TM: (laughs) Oh, we’ll give time for people to really master the first one! Except for that one guy! So yeah, definitely keep an eye out, and we’ll definitely be keeping the content coming.

MG: Cool! So Runbow is very creative in its design. Do you have any advice for people thinking about getting into making Indie games or game design in general?

TM: Yeah! So I, myself, if you want to hear a story, I came from structural engineering, and I took that for university, graduated, whatever, and did it for a bit. But it just wasn’t what I wanted to do. So I went and took a course on game design, and this is where all nine of us met. We’ve been fortunate enough to do this, but if I was to give advice to people, it would be either pick up one of the hard skills for videogame development, like animation, art, and programming is a big one. Especially if you want to do design stuff, it’s really good to have a secondary talent, since you need to know how the other departments work. Like, if you can do art, and you can do design, and you can do a little bit of programming, you can talk their language. Do that, and then my other thing is to make games. Just make ’em. Spend weekends, do Game Jams, get involved with your local community if there is one. Just make games, ’cause the only way to really learn is to do. We laugh because Runbow’s our first title and we did it just out of the gate, and there are SO many lessons that we have learnt. We could keep working on Runbow forever if we wanted to, but at some point you have to finish it. So we’re hoping that with the second game it’s going to be so much easier, and we’re going to know so much now! So there’s so much involved in making games, and so many disciplines that there’s so much to learn, and making games is just the best way to do that!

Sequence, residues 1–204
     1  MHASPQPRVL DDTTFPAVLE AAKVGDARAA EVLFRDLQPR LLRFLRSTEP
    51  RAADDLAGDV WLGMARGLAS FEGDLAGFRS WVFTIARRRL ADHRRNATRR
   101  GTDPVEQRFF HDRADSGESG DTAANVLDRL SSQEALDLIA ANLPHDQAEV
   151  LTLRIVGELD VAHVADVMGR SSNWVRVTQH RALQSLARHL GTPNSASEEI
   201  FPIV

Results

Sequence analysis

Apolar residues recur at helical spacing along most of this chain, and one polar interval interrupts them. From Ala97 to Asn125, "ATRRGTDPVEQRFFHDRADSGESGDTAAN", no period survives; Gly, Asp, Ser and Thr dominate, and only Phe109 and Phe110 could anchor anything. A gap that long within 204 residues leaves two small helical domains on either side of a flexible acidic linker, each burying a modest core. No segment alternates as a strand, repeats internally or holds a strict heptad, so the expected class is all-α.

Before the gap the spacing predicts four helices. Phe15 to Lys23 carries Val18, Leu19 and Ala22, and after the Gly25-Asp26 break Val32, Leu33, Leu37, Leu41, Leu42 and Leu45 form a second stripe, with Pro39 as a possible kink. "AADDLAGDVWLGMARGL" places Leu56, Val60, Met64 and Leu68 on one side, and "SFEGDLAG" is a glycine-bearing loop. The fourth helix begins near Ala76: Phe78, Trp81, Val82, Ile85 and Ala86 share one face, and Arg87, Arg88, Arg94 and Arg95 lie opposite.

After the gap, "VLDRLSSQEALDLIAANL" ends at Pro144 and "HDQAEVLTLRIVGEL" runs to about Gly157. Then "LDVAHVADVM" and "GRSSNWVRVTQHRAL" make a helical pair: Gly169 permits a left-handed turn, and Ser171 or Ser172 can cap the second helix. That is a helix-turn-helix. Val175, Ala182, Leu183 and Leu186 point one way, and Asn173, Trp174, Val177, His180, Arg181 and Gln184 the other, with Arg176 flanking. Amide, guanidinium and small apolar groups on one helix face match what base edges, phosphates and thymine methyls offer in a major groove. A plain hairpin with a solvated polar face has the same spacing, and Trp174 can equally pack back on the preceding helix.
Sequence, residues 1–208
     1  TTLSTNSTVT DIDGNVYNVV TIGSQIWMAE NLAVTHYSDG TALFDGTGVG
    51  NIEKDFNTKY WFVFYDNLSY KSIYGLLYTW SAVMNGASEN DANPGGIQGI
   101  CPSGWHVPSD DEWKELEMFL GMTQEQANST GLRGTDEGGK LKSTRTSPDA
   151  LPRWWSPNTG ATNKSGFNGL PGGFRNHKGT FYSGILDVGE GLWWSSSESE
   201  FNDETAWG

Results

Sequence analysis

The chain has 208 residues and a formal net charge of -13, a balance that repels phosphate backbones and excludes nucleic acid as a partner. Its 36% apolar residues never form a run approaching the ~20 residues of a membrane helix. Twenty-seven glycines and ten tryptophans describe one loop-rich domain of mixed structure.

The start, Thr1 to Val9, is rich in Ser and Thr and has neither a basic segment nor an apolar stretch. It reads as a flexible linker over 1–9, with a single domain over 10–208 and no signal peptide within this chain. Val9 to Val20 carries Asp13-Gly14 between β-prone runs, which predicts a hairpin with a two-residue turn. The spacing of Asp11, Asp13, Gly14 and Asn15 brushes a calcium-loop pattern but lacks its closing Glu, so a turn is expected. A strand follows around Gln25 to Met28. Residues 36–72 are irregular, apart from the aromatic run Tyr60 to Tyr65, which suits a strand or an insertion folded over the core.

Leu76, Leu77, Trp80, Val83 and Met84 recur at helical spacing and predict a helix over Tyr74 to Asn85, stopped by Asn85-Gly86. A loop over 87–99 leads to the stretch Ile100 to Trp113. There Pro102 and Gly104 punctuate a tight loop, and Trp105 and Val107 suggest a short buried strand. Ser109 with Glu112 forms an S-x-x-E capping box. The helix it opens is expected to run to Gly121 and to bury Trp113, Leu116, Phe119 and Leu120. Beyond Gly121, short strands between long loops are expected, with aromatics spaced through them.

I would like to say a massive thanks to Tom McCall for letting me take some of his time from the stand to let me interview him. You can buy Runbow on the Wii U eShop RIGHT NOW for just a little bit over ten pounds/dollars/whatever currency. However, in the unlikely chance you still have yet to make your mind up, I am working on a review for the title, so keep your eyes out!

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About the author /

Like many other game writers, Matthew was brought into the gaming world from a young age. He aspires to be a games journalist in the future. Oh, and he's from the UK, so there's that. He also does Nintendo Podcast System, just in case there isn't enough Nintendo on this site.